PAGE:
One of my most treasured views in the world is from a rooftop nestled between the Aya Sophia and the Blue Mosque in Istanbul, where seagulls fly freely, circling minaret and cathedral dome within the same wing beat above the Bosphorus. Birds, carving the air so easily with their feathers, without concern for this brand of prayer or that, unaware of the names Brahmain, Buddha, Mother Earth, Father Sky, The Great Spirit…

Image: Kaylan Minaret, Bukhara

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Tuesday, November 10, 2009

India's Children's Book Trust

Seated with me is Ira Saxena, Secretary of the Associaition of Writiers and Illustrators for Children in New Delhi. She is also a volunteer for India's Children's Book Trust, an organization that publishes books for children in hundreds of local dialects and sponsors literacy programs along with IBBY through out India.

Manorama Jafa, the Vice President of AWIC invited me via email before coming to India to attent their monthly meeting in which twenty or more writers attended. On this particular day, they celebrated the acquisition by a major publisher of their first Hindi dictionary for children, a book the Trust had published many years ago. Royalty checks were distributed to several of the authors attending the meeting.

On a second visit to the Children's Book Trust, Ira Sazxena interviewed me for an article she will write for Indian IBBY Journal. Our discussion roamed from the craft of writing to the underlying theme of Sufism in my novel Anahita's Woven Riddle and our favorite translations of Persian poetry, which Ira grew up reading. Her mother translated the Sufi poetry of Omar Khayyam into Hindi. Ira is presently at work on a novel set in 1800's India with an environmental theme. "Did you know the world's first tree hugger was in India?" she said. I had never given much thought to the origins of this kind of activism and assumed it may have been in the California redwoods. I look forward to reading this novel in the near future. For more details about the Children's Book Trust, its volunteers, and my trip to India, please check out the Central Asian pages on my website.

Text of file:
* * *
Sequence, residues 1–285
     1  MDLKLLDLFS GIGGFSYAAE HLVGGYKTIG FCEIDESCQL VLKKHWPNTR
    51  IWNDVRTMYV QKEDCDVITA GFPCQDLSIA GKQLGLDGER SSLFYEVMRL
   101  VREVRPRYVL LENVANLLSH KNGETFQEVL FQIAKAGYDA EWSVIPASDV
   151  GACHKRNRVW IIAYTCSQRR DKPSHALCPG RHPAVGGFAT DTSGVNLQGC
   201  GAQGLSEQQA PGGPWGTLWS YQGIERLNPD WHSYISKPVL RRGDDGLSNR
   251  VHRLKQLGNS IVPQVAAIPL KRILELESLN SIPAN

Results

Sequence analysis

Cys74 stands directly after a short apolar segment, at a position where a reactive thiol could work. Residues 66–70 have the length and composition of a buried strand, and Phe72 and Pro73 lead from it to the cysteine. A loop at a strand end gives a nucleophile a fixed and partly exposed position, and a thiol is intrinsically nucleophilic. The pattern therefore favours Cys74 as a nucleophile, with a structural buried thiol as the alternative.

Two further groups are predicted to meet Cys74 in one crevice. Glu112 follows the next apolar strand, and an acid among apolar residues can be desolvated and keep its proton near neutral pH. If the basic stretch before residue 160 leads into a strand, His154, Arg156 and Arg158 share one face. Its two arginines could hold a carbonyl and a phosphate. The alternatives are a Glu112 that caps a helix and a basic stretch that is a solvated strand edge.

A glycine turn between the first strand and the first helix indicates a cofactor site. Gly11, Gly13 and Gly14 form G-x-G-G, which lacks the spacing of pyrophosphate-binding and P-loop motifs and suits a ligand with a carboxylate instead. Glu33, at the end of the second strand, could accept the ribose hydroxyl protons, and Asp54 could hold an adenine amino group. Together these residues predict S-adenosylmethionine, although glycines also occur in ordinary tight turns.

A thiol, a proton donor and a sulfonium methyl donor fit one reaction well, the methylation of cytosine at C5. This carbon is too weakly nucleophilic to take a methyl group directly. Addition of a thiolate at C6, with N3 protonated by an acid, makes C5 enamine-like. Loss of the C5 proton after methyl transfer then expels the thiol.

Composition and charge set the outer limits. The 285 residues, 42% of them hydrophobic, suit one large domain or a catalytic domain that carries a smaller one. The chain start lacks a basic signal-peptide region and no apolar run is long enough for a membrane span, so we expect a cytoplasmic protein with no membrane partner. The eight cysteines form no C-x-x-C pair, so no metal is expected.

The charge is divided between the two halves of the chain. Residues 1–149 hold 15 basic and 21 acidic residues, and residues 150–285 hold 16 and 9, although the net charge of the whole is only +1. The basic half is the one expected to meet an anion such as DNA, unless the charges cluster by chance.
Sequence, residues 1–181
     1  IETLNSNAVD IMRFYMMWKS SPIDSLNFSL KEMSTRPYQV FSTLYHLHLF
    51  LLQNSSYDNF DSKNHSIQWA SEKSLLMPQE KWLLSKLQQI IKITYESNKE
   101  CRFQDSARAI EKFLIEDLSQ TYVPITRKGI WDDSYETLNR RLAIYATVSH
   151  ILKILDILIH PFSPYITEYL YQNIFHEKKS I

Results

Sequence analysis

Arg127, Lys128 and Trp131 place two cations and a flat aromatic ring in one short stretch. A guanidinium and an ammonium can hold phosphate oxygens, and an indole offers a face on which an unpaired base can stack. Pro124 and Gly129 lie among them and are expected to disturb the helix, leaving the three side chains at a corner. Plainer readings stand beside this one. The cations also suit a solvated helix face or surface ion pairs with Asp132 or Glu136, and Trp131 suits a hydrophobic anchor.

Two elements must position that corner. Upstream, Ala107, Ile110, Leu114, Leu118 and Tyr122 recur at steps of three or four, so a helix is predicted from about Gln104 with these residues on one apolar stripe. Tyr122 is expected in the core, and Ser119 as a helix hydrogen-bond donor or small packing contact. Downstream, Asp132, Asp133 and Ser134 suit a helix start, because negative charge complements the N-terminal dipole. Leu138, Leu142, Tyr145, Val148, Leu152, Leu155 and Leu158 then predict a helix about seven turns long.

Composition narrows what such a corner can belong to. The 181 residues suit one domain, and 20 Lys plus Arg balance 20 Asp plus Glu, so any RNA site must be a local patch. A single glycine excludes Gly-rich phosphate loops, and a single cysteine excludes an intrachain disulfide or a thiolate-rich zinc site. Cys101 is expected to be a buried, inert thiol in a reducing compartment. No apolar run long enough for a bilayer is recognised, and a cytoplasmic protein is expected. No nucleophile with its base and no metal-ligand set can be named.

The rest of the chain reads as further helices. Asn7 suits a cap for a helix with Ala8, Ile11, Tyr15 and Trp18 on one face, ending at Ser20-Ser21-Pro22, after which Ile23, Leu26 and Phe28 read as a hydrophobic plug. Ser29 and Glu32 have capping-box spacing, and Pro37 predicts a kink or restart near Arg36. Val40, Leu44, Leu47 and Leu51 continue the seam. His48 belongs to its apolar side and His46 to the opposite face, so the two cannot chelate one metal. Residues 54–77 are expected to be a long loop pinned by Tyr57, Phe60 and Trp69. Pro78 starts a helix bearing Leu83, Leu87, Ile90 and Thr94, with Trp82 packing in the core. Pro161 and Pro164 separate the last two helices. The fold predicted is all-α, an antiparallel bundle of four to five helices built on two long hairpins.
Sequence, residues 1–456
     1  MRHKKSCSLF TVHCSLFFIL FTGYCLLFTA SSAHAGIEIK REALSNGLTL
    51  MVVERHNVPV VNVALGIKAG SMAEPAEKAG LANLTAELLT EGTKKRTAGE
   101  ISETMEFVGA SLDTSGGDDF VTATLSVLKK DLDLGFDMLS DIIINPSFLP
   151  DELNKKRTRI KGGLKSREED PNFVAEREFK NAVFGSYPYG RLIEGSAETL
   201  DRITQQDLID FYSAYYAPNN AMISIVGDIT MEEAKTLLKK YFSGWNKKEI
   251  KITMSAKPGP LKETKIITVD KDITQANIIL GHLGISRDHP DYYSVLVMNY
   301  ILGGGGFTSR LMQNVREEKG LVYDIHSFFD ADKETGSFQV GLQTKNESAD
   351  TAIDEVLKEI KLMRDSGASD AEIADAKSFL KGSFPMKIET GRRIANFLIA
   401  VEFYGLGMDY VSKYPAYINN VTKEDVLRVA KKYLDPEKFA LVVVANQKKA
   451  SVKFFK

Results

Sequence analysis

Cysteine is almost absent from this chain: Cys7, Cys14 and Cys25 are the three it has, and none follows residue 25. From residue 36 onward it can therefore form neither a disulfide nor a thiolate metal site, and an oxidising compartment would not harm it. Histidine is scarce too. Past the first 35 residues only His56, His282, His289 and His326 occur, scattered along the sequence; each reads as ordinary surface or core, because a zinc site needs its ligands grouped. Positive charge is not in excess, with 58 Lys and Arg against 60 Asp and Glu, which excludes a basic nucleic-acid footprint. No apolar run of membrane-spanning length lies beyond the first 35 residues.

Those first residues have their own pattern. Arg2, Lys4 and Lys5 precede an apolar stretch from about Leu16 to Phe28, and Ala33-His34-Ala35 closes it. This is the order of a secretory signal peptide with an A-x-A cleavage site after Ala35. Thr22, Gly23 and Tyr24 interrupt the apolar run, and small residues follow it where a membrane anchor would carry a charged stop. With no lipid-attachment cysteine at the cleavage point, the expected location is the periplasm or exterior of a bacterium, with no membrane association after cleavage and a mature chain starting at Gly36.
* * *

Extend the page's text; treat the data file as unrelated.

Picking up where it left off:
Tuesday, October 20, 2009

Readings in Galway, Ireland

This October I had the pleasure of reading to students in Galway, Ireland, at the Westside and Ballybane Libraries. The sixth class of Galway Educate Together National School proved to be an enthusiastic group, their questions about writing a novel, the plot of Anahita's Woven Riddle, carpets and Iran began before I made it to the podium. Hand after hand shot up for a full hour! They were so engrossed with the discussion that after asking me riddles of their own, they invited me back to their school the next week to view slides of Iran. Check out the video below for a taste of my visit with them. Questions asked in this clip: "I read the last page first. What was the answer to her riddle?" "How old was Anahita? Who did she marry?" and "Are you famous?"

I wish to thank Tom Donegan of Children's Books Ireland for arranging my readings in Galway. Maureen Moran of Galway Libraries, Marina Hughes, teacher at Galway Educate Together N.S. and the teens and librarians at Ballybane for welcoming me.

Sorry, the video wouldn't load, will try again soon...

Saturday, September 19, 2009

Children's Lit in Ireland and India

In October I will be visiting Ireland and particiapting in their Children's Books Ireland Book Festival 2009. Please check back here for more details. I am also off to India in November where I will be meeting with children's book authors connected with IBBY India. I look forward to introducing you to them on my blog in the near future!

Thursday, September 17, 2009

Weaver's Perspective on Iran

Friends of the Moscow Library invited me to speak on Iran this August about my recent experience weaving on Iran's First World Peace Carpet and my novel set in Iran Anahita's Woven Riddle. To learn more about the Peace Carpet, a project sponsored by UNESCO, please check out the Iran or Weaving pages on my website.

Modeling this Iranian Qashqa'i nomadic headpiece is Homa Assefi, who attended my talk. Many thanks to Homa! This three-pieced covering evolved over many generations. The blue beanie has been worn for centuries along with the black sequined veil. In the 1960's teenagers added the tie-dye like scarves.